You may think a loan is a loan, but there are a lot of options to explore when you need to borrow money. Each one has its own rules, repayment parameters and type of lender. It’s a good idea to learn more about the different kinds of loans below so you can be an educated borrower. Here are four kinds of loans you might not have heard of before.
1. Personal Loans
You can get a personal loan from friends, family, an institution or even a crowdfunding site. They can range in size and term length as the industry is growing and changing, adding more personal loan choices. The higher your credit score, the lower the interest rate you will likely qualify for. (If you are not sure what your credit profile is like, you can get a free credit report summary, updated monthly, from Credit.com.) It’s important to make sure you create a repayment plan you can afford and compare your options. An installment loan is when you take out a certain amount of money and pay it back in monthly chunks.
2. Equity Loans
You can also leverage the equity you have personally built for a loan. From home equity, your retirement fund or even through life insurance, you take some of the cash out that you have put into these systems and use them elsewhere, eventually paying the amount back — sometimes with interest. You will have to work with your mortgage lender, retirement saving institution or life insurance provider to work out the specifics of your options but in this situation you are, in a sense, borrowing from yourself.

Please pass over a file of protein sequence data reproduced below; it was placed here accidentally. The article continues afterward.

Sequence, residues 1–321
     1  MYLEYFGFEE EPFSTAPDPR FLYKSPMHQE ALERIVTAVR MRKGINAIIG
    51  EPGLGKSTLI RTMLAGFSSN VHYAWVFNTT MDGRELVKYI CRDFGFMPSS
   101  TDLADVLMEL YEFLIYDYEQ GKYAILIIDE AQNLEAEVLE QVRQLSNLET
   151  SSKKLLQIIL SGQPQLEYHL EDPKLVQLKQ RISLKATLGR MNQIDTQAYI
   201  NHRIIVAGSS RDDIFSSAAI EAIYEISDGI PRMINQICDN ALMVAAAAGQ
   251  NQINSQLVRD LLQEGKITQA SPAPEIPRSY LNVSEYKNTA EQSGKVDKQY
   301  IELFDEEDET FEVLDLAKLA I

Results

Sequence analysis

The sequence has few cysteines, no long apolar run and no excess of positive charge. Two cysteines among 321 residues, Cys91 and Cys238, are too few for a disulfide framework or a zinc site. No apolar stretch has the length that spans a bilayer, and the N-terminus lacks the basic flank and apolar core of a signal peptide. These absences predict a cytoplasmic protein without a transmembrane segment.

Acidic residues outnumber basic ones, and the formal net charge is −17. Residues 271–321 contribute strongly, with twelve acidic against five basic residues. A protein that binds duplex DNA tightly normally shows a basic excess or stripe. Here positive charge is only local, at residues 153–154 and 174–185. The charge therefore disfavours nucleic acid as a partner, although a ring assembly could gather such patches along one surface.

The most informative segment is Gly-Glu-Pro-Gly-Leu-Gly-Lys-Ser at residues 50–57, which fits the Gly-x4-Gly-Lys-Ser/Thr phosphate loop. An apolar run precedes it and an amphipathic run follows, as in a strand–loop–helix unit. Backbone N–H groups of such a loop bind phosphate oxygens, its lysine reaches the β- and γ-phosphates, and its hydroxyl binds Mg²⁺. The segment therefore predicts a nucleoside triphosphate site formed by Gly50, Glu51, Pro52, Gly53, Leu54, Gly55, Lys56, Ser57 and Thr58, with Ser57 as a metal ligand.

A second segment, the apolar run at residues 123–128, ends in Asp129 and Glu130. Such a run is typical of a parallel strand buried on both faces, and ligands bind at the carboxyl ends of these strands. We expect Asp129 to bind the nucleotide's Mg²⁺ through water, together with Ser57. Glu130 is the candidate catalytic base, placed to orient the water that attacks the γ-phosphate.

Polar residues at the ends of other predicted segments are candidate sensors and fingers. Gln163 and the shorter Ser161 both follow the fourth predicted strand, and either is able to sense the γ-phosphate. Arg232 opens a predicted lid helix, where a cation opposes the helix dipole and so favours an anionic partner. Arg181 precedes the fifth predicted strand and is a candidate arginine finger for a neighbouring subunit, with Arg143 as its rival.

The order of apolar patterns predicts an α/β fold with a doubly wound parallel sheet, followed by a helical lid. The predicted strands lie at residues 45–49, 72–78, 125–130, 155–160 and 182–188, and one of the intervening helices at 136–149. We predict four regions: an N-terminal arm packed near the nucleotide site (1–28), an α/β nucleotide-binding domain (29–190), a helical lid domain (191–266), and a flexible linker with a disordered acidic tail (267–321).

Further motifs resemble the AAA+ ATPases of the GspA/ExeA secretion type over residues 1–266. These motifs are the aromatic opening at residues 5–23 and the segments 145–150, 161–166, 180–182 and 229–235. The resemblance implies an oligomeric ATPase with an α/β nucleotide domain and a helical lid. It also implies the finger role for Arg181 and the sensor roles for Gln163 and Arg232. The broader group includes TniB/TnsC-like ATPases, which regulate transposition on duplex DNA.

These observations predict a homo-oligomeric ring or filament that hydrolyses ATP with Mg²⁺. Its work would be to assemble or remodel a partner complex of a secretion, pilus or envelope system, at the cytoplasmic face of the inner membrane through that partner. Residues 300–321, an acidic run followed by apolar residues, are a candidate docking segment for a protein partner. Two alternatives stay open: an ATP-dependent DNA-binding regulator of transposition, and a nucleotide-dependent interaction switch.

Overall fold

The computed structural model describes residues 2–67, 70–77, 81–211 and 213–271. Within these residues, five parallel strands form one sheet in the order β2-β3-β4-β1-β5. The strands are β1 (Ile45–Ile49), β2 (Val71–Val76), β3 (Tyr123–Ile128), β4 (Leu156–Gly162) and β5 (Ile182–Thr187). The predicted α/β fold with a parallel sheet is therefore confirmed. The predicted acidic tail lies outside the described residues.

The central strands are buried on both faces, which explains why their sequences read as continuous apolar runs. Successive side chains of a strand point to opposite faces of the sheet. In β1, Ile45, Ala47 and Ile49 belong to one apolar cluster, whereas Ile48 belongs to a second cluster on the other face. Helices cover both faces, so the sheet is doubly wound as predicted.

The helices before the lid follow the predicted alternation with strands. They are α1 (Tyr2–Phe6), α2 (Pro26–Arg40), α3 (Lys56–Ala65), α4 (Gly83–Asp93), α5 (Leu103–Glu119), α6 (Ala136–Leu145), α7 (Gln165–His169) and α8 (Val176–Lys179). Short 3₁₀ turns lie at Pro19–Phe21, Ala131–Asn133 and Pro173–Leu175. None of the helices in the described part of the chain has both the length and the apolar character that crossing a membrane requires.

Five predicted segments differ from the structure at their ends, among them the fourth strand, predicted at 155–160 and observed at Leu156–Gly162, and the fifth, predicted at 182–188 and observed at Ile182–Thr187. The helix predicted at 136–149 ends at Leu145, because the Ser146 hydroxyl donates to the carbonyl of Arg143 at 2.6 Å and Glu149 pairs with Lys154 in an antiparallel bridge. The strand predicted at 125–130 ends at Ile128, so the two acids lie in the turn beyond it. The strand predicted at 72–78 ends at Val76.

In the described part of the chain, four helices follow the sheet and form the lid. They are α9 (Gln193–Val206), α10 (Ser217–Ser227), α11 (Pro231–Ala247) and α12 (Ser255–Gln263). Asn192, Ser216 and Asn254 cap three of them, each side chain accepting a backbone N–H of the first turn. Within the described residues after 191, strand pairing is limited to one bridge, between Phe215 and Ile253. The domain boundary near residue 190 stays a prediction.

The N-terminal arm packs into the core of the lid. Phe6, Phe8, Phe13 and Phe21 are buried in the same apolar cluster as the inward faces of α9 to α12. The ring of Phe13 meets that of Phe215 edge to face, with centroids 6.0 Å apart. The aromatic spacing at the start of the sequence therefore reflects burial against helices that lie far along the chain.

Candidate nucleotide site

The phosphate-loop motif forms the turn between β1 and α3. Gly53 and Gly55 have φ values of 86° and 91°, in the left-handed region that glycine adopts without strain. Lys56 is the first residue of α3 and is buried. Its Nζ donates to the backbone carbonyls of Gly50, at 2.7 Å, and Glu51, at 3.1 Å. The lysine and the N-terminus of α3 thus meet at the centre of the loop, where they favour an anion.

3. Cash Advances
A cash advance is a loan you get from your credit card provider. These advances generally come with high interest payments and fees, so be sure you understand the terms before you take a cash advance. You can find your limit for a credit card cash advance on the terms of your credit card. It is the smaller limit listed along with your credit limit and is typically a few hundred dollars.
4. Debt Consolidation Loans
Exactly as it sounds, a debt consolidation loan allows you to pay off several old debts with one new loan. This can lower your interest rate, simplify your monthly payments, or both. It can sometimes help you get out of debt faster, but it’s important to look closely at fees and interest rates to make sure you won’t end up paying more in the long run.
Now that you know more about your loan options, you can figure out which loan types will work best for your financial situation. Just as important as understanding your loan is creating a repayment plan and keeping up with it.
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